Washington state engineers reflect on Fukushima nuclear disaster response
03/11/2013 3:09 PM
03/11/2013 5:44 PM
Two years ago today, Richland engineers were about to start a marathon effort to quickly design the details of a system that would keep radioactively contaminated water from flowing from damaged Fukushima reactors into the Pacific Ocean.
They not only succeeded, but the system AECOM workers in Richland designed under Kurion's direction continues to operate today to clean contaminated water at the Fukushima, Japan, Dai-ichi Nuclear Plant. It is expected to continue operating for years to come.
On March 11, 2011, a magnitude-9 earthquake was followed by a tsunami that caused a full meltdown at three reactors at the Fukushima plant. With no functioning cooling system, the Tokyo Electric Power Co. resorted to pouring millions of gallons of seawater into the reactors to cool them.
But by the middle of April, the plant's basements and buildings were filling with water contaminated from the failed fuel in the reactors. The upcoming start of the rainy season threatened to flood the plant, spilling the contaminated water out of the complex to flow into the ocean.
Kurion, an Irving, Calif., waste treatment company that has since moved its engineering and technology work to Richland, convinced the Tokyo Electric Power Co. that it was in a unique position to help. It had a proprietary chemical compound for an ion exchange system that is particularly good at stripping cesium, the main contaminant, from the water.
And unlike some other chemical compounds used in ion exchange water treatment systems, it has low sensitivity to salt water and is resistant to radiation.
But the concept needed to be turned into a system that could fit in the limited space available at the Daiichi Nuclear Plant and could start operating before huge volumes of contaminated water flooded into the ocean.
Kurion picked AECOM in Richland to execute the design under its direction.
"They almost lived in the office for almost a month," said Jim Homan, then the senior operations manager for AECOM's Nuclear Division. "To think you were going to design and build something in a month is ridiculous. But it was an emergency."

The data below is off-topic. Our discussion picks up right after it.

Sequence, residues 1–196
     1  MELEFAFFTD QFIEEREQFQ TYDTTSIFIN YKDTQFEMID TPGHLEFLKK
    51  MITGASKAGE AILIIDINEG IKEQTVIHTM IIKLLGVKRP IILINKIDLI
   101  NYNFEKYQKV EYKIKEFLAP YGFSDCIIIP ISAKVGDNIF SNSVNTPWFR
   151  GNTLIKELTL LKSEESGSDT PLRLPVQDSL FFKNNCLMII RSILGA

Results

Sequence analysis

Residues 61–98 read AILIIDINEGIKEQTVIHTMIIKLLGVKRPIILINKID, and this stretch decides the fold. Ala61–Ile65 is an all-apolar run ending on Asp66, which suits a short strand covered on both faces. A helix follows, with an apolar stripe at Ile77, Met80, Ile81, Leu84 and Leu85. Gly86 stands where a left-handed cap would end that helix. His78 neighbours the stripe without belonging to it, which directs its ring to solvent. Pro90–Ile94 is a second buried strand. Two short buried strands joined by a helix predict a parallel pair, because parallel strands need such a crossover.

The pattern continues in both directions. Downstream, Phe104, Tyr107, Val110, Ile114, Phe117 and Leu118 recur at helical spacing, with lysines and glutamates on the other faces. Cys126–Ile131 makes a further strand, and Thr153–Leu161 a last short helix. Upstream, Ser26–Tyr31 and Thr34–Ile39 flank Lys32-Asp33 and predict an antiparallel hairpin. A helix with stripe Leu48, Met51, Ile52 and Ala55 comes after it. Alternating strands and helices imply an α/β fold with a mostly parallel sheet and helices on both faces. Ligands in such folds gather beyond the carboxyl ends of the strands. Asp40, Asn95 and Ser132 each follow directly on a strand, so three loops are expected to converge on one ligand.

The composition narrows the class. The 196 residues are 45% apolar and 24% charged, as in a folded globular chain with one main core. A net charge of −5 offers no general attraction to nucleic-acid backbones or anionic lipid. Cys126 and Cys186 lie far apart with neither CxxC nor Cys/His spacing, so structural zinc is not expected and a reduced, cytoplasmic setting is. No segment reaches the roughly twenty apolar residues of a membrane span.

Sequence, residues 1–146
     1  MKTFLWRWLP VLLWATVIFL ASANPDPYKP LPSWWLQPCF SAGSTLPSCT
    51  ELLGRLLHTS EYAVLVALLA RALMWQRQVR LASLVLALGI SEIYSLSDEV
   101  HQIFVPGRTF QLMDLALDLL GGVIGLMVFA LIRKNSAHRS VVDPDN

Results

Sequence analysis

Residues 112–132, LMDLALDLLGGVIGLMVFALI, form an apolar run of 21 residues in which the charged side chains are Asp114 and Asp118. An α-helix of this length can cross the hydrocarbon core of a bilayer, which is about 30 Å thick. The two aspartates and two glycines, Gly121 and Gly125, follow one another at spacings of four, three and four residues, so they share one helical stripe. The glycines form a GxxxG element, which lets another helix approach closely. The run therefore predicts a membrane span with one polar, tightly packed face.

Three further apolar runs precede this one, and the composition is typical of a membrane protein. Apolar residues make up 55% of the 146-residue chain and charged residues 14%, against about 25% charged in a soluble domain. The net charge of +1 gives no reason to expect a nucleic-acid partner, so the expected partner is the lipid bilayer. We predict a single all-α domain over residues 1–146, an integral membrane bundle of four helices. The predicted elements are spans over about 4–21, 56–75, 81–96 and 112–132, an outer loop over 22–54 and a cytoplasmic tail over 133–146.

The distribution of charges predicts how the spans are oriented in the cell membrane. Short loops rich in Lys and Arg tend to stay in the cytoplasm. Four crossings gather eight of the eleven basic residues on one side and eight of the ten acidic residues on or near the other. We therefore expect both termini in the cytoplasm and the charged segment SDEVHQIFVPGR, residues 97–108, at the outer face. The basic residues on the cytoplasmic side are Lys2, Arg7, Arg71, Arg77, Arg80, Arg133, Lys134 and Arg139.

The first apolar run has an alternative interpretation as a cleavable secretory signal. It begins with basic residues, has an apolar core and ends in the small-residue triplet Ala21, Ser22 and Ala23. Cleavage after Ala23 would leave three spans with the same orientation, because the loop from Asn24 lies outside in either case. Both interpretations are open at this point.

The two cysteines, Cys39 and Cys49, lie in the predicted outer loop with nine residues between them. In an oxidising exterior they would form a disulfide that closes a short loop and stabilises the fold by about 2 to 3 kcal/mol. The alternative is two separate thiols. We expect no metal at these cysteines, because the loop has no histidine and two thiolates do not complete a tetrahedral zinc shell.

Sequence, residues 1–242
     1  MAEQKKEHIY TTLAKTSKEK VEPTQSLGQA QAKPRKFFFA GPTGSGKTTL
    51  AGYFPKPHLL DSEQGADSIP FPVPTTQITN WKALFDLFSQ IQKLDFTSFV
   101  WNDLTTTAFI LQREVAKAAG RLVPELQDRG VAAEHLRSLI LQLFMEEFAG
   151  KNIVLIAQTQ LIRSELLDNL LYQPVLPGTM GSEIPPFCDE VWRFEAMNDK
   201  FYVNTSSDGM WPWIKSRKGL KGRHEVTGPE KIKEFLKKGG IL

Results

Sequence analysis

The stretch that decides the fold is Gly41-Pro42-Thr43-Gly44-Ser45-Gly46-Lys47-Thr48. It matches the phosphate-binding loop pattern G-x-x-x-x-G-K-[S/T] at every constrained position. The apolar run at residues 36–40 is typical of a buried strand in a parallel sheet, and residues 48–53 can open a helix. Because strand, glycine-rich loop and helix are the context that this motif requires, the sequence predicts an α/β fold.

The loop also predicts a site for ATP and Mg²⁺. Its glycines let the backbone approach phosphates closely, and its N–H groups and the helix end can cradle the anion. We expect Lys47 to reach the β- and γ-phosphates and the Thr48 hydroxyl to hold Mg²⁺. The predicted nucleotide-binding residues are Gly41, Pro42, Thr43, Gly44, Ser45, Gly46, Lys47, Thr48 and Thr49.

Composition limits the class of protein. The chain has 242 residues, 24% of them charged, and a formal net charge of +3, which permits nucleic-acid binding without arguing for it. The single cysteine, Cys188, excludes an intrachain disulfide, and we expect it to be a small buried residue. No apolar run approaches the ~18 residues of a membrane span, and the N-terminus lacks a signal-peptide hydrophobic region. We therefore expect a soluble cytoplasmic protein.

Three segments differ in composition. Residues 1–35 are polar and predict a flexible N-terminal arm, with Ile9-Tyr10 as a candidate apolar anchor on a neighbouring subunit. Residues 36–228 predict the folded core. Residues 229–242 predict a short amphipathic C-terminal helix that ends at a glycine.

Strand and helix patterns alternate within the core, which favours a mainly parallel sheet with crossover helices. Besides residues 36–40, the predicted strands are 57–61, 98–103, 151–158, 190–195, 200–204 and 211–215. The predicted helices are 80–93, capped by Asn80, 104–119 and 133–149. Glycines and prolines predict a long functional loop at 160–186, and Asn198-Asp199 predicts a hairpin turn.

Under Kurion's direction, the team did the detailed engineering and executed the design of a system of pumps, piping, power and controls and ion exchange components, together with radiation shielding. Design changes were constant as new information became available about the damaged plant.
The equipment was organized in eight skids -- or frameworks about the size and shape of a commercial shipping container -- with six of them eventually were installed and operated at Fukushima.
They would be flown to Japan and needed to fit within the confines of the Soviet-era Antonov An-225 Mriya. It's the largest cargo aircraft in the world and the only plane that could transport them.
Within five weeks, the system was designed, built and shipped to Japan. The skids weighed about 22 metric tons each when shipped on three planes, but installed with shielding and vessels, some weigh nearly 100 tons.
The system was assembled in Japan in nine days and on June 14, 2011, was tested using clean water. Three days later it started treating contaminated water.
After the Three Mile Island partial nuclear meltdown in 1979, it took 18 months for a cesium removal system to start operating, according to AECOM. But the Fukushima, Japan, system designed in Richland and built in Colorado and California was removing radioactive cesium from the water fewer than 100 days following the tsunami.
The rainy season came early in 2011. Had Kurion's treatment system started operating about a week later, contaminated water would have started flooding from the plant back into the ocean, said John Raymont, Kurion president.
"It was a very dramatic race against time," he said.
A year after the tsunami hit the plant, the treatment system had processed 36 million gallons of contaminated water and removed 8.4 million curies of cesium.
Now it has cleaned 45.7 million gallons of radioactive water, or enough water to cover a football field 130 feet high, according to Kurion.
The system continues to operate to clean water used to cool the water and groundwater that is leaking into the contaminated plant.
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